Emotional Intelligence and the Future of Work | Bailey Balfour
Emotional intelligence isn’t all about being sweet and chipper, says Harvard psychologist and researcher Daniel Goleman. So what is emotional intelligence? Let’s find out.
Emotional Intelligence is the capacity to recognise our own feelings and those of others, and to manage emotions effectively in ourselves and our relationships – Daniel Goleman
This blog is part of a 5-part series on how to develop emotional intelligence. Stay tuned for the next releases. You can also watch our on-demand masterclass on “How to Develop Emotional Intelligence” or Listen to our Podcast on Apple or Spotify.
Emotional intelligence (EQ) has become a buzzword in the modern workplace, but there are several myths and misconceptions surrounding it. In this blog, we will debunk some of these myths and shed light on the true essence of emotional intelligence.
We’ll share our definition of EQ, its importance in both personal and professional lives, and its four key components.
The Evolution of Emotional Intelligence (EQ)
When emotional intelligence first entered the conversation, there was a belief that self-awareness was the most important in EQ. However, as research progressed, it became apparent that self-awareness and social awareness are inseparable. There’s no point in us being self-aware if we’re not socially aware.
Especially in the context of the workplace, where social awareness is vital for connecting and relating to others.
Defining Emotional Intelligence (EQ) and Intelligence Quotient (IQ)
The pioneer in popularizing the concept of EQ, Daniel Goleman, defined it as “the capacity to recognize our own feelings and those of others, and to manage emotions effectively in ourselves and in our relationships.”
His definition highlights the complexity and importance of emotional intelligence. It’s not a one-time achievement but a lifelong journey, requiring constant effort and growth.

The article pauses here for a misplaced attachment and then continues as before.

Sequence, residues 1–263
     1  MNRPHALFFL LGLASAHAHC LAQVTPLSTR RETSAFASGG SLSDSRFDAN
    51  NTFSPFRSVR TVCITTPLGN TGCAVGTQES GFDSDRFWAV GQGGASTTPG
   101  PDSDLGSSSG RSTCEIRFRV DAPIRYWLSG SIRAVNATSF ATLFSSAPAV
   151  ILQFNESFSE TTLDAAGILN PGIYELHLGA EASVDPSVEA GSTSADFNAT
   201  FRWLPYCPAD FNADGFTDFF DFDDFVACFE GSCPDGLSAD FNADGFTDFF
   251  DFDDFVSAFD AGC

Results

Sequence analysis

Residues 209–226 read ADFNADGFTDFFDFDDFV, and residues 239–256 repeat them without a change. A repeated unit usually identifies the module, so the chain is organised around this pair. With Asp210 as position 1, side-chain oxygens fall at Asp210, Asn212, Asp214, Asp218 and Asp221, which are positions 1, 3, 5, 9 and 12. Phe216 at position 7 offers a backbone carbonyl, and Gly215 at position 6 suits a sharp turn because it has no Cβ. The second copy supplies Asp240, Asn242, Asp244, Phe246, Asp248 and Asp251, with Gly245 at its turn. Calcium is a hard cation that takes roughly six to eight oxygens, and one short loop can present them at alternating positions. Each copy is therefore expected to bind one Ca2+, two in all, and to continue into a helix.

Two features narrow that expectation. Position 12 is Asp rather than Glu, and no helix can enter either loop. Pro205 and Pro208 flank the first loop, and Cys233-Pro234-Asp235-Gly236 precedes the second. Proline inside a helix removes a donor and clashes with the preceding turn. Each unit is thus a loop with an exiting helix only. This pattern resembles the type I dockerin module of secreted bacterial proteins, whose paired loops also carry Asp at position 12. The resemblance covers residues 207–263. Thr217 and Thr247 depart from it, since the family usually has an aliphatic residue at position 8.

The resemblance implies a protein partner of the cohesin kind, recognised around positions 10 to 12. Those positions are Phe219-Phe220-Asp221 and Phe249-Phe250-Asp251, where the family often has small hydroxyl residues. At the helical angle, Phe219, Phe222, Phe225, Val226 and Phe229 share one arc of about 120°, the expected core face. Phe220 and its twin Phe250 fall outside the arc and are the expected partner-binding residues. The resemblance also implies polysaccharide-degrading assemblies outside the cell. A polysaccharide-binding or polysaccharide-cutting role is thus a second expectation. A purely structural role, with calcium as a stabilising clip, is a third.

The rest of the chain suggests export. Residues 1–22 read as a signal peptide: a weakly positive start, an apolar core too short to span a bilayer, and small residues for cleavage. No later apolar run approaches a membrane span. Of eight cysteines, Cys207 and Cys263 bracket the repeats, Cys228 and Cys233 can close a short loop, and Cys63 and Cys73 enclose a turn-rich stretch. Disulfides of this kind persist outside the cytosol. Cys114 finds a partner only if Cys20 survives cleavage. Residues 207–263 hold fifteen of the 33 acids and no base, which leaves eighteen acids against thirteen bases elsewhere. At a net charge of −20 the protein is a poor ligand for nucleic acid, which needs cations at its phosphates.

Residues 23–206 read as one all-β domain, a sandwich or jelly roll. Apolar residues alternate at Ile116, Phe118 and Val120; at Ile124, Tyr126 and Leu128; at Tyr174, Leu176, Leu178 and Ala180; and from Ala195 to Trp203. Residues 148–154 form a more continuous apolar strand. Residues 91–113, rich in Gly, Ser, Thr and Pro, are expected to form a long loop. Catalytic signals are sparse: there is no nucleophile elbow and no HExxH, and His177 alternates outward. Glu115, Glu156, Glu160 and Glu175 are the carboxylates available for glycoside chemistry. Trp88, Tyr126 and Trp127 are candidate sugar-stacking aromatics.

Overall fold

IQ primarily measures cognitive intelligence through factors like verbal comprehension, memory, reasoning, and processing speed.
However, EQ focuses on understanding and managing emotions within ourselves and others. And research has demonstrated that EQ is a more reliable predictor of workplace performance than IQ.
Emotional Intelligence (EQ) and the Future of Work
In an era where artificial intelligence is reshaping industries, the concept of what skills and qualities are essential for the future remains uncertain. However, one factor remains constant across various studies – empathy. Every future-of-work study places empathy at the top of the list of essential leadership competencies. This is why emotional intelligence has become more critical than ever.
Effective leaders must also navigate between three levels of focus – self, people, and the wider system (including the organization and macro-environment). The ability to pivot between these layers is a hallmark of successful leadership, especially in the complex and rapidly changing landscape of today’s world.
Many companies have recognized the value of EQ in the workplace. Some, like EY in the UK, have even waived degree requirements in favor of developing employees’ skills and emotional intelligence.
This shift is driven by the understanding that IQ tests often reflect socioeconomic backgrounds rather than true cognitive ability. The impact of higher EQ on working life is undeniable, making it a valuable asset for both individuals and organizations.
The Four Components of Emotional Intelligence (EQ)
So what are the four components of EQ? We’ll diver deeper into each of them in our upcoming blogs so stay tuned.
- Self-awareness: The ability to recognise and understand your moods, emotions, and drives, as well as their effect on others.
- Social awareness: The ability to understand the emotional makeup of other people. Skilled in treating people according to their emotional reactions.
- Self-management: The ability to control or redirect disruptive impulses and moods.
- Relationship management: Proficiency in managing relationship and building networks. An ability to find common ground and build rapport.
These components are pivotal in developing emotional intelligence, as they encompass both our internal world and our interactions with the world around us.
To Sum up…
In subsequent posts, we will delve deeper into each of these four components, offering practical tips and strategies for enhancing emotional intelligence. You can also download our guide on how to build self-management skills here.
Stay tuned as we journey through the fascinating realm of EQ and discover how it can transform your personal and professional life.
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About the Author
Jean Balfour is Managing Director of Bailey Balfour and Programme Director of our ICF Accredited Coach Training Programmes. Jean is passionate about helping people to have good conversations both at work and at home. She believes that coaching is a life skill and that you never regret learning to coach.